Archaeologists Unearth Medieval ‘Vampire’ Remains In Poland

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Nicole Silverio Media Reporter
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Archaeologists discovered a female corpse in a 17th-century cemetery in the southeastern village of Pien, Poland, buried in a manner once believed to prevent her from rising out of the ground as a “vampire.”

Experts found a sickle around the corpse’s neck and a padlock on her left foot meant to secure her in the ground, Metro reported. The corpse also had a protruding front tooth and a silk cap on her head, which indicated her high social status.

Many people during the post-medieval period in Eastern Europe believed the dead would rise from the ground and emerge as blood-sucking supernatural beings, notably zombies and vampires. They therefore buried corpses in unusual manners to protect against their supposed return from the dead and to quell any vampire hysteria, the outlet noted.

“The sickle was not laid flat but placed on the neck in such a way that if the deceased had tried to get up most likely the head would have been cut off or injured,” Professor Dariusz Poliński from the Nicholas Copernicus University said. “Ways to protect against the return of the dead include cutting off the head or legs, placing the deceased face down to bite into the ground, burning them, and smashing them with a stone.”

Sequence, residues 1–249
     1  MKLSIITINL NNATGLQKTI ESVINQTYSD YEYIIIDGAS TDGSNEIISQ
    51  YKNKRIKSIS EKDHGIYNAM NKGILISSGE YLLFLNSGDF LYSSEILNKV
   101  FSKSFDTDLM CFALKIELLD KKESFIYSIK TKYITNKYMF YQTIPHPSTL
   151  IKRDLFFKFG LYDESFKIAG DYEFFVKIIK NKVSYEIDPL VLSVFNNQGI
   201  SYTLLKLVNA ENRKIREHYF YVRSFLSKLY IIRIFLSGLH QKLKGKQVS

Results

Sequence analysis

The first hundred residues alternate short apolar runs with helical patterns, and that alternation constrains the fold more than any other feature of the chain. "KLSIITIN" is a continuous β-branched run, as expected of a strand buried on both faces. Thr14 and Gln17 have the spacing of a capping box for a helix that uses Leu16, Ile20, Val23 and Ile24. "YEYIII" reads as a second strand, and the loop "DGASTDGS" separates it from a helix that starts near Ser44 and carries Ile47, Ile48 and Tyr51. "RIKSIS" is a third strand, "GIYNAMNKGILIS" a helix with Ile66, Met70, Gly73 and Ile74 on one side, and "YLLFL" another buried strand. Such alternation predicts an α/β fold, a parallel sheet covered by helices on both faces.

Many who lived during time periods as far back as the 11th century likely accredited the spread of fatal diseases, such as cholera, to vampires and supernatural beings, Metro noted. (RELATED: Real-Life Vampire Scare Kills At Least Eight)

In 2014, archaeologists found six skeletons buried in a similar fashion in Drawsko, Poland, in a 400-year-old cemetery, the outlet reported. Sickles were found pressed against the necks of an adult man and woman.

That same year, archeologists discovered a corpse in Bulgaria with an iron stake impaled through his chest, apparently to prevent him from “rising from the dead and disturbing the living,” Smithsonian Magazine reported. His left leg had been removed and placed next to his body. Archaeologist Nikolai Ovcharov said those who died from unusual or unexpected causes, such as suicide, were staked in order to prevent them from returning as vampires.

Vampire hysteria commonly took place in Slavic villages and among the Romani people, according to Smithsonian Magazine. Archaeologists reportedly uncovered over 100 remains pinned to the ground or staked in the Eastern European region as of the magazine article’s publication in 2014.

Nicole Silverio

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